Stocks began last week on an uptick, likely influenced by dip buyers. Each of the benchmark indexes listed here gained ground, led by the Nasdaq, which rose 1.6% on the heels of a rally by several major tech companies. The Russell 2000 added 1.0%, the S&P 500 gained 0.6%, and the Dow climbed 3.0%. The Global Dow slid 0.5%. Ten-year Treasury yields traded near 3.0%, ending the day at 2.99%. The dollar rose $0.67 to reach $103.63 against a basket of foreign currencies. Crude oil prices increased $1.13 to $105.82 per barrel.

For the second session in a row, stocks ended the day higher last Tuesday as investors awaited Wednesday's expected Federal Reserve rate hike. The Russell 2000 (1.0%) and the S&P 500 (0.5%) led the indexes, followed by the Global Dow (0.8%). The Nasdaq and the Dow each gained 0.2%. Crude oil prices, 10-year Treasury yields, and the dollar declined. Gold prices advanced.

Wall Street rallied last Wednesday after Jerome Powell eased concerns that the central bank would pursue a more aggressive pace of tightening. Nevertheless, earlier in the day, the Federal Open Market Committee announced the steepest interest-rate hike in 20 years. Each of the benchmark indexes listed here posted notable gains, with both the Nasdaq and the S&P 500 adding 3.0%. The Dow jumped 2.8% and the Russell 2000 advanced 2.7%. The Global Dow rose 1.8%. Ten-year Treasury yields slid 4.3 basis points to 2.91%. The dollar dropped nearly 1.0%, while crude oil prices soared, adding $5.50 to reach $107.90 per barrel after the European Union proposed an import ban on Russian oil.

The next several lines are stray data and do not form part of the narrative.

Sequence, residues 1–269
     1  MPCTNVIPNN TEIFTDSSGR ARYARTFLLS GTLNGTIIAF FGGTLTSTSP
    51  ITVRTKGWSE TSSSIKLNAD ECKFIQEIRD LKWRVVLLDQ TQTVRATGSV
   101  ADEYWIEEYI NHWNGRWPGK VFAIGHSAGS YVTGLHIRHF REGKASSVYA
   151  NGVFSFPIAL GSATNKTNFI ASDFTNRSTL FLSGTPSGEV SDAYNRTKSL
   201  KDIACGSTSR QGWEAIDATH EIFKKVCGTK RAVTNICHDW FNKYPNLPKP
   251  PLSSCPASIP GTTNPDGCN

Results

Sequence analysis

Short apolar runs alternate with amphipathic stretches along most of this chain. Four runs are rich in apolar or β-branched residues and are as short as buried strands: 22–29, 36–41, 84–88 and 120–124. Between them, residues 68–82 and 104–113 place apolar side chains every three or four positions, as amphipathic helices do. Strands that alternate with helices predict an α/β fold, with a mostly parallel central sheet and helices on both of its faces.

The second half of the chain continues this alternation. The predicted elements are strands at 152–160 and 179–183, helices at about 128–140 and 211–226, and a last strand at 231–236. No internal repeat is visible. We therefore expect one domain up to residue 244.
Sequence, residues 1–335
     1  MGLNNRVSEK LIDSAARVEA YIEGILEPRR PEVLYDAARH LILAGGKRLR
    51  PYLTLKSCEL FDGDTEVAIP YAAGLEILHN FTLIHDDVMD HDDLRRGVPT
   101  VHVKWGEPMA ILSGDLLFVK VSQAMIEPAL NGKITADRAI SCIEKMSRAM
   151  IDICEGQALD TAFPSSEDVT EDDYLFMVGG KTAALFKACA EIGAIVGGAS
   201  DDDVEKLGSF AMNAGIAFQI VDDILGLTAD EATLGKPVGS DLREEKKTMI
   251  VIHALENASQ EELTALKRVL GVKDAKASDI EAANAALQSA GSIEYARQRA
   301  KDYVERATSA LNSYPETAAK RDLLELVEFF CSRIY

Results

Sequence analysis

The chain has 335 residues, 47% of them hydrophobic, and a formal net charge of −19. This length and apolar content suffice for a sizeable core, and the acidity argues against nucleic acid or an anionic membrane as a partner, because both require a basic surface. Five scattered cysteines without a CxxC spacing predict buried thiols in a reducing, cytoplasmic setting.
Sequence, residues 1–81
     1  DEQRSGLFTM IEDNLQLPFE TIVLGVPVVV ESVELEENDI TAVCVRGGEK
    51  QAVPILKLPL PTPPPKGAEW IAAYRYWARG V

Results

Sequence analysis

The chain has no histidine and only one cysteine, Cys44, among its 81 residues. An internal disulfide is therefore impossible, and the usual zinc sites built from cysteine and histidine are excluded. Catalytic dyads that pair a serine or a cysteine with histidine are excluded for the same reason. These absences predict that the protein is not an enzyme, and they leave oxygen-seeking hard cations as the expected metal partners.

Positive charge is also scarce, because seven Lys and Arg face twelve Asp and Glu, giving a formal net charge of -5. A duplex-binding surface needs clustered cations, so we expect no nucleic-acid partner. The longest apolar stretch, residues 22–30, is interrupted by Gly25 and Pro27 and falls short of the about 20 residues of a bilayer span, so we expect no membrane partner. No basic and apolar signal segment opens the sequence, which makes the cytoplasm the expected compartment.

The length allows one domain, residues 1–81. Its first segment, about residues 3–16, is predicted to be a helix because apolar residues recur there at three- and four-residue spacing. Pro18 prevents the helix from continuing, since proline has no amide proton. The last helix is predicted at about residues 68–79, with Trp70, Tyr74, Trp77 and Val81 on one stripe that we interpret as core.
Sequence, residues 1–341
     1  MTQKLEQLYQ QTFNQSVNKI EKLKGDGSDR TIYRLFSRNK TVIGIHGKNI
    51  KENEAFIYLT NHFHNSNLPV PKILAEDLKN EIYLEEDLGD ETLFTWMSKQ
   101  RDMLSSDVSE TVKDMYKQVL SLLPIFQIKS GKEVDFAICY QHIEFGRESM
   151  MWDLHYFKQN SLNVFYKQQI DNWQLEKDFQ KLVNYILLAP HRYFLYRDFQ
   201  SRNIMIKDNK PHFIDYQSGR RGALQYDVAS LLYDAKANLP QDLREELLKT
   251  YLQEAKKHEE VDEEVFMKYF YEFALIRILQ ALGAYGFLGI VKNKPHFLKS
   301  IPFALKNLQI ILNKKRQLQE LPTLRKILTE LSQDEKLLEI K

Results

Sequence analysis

The Wall Street rally from last Wednesday reversed to a retreat last Thursday as stocks plunged by the end of trading. The Nasdaq fell 5.0%, the Russell 2000 dropped 4.3%, the S&P 500 slid 3.6%, and the Dow declined 3.1%. The Global Dow gave back 1.8%. Ten-year Treasury yields added nearly 15 basis points to close at 3.06%, the highest rate since 2018. The dollar rose to $103.50. Crude oil prices jumped to $108.25 per barrel.

Stocks fell again last Friday to end a roller coaster week. The small caps of the Russell 2000 (-1.7%) and the tech-heavy Nasdaq (-1.4%) led the declining indexes, followed by the S&P 500 (-0.6%), the Global Dow (-0.4%), and the Dow (-0.3%). Ten-year Treasury yields gained 5.7 basis points to end the week at 3.12%. Crude oil prices topped $110.00 per barrel after climbing $2.23. The dollar was little changed, while gold prices advanced $6.10 to $1,881.80 per ounce.


Market/Index

2021 Close

Prior Week

As of 5/6

Weekly Change

YTD Change

DJIA

36,338.30
32,977.21 32,899.37 -0.24% -9.46%

Nasdaq

15,644.97

12,334.64 12,144.66 -1.54%

-22.37%

S&P 500

4,766.18

4,131.93 4,123.34 -0.21% -13.49%

Russell 2000

 2,245.31 1,862.16

1,839.56

-1.21% -18.07%

Global Dow

4,137.63

3,815.07

3,805.92 -0.24%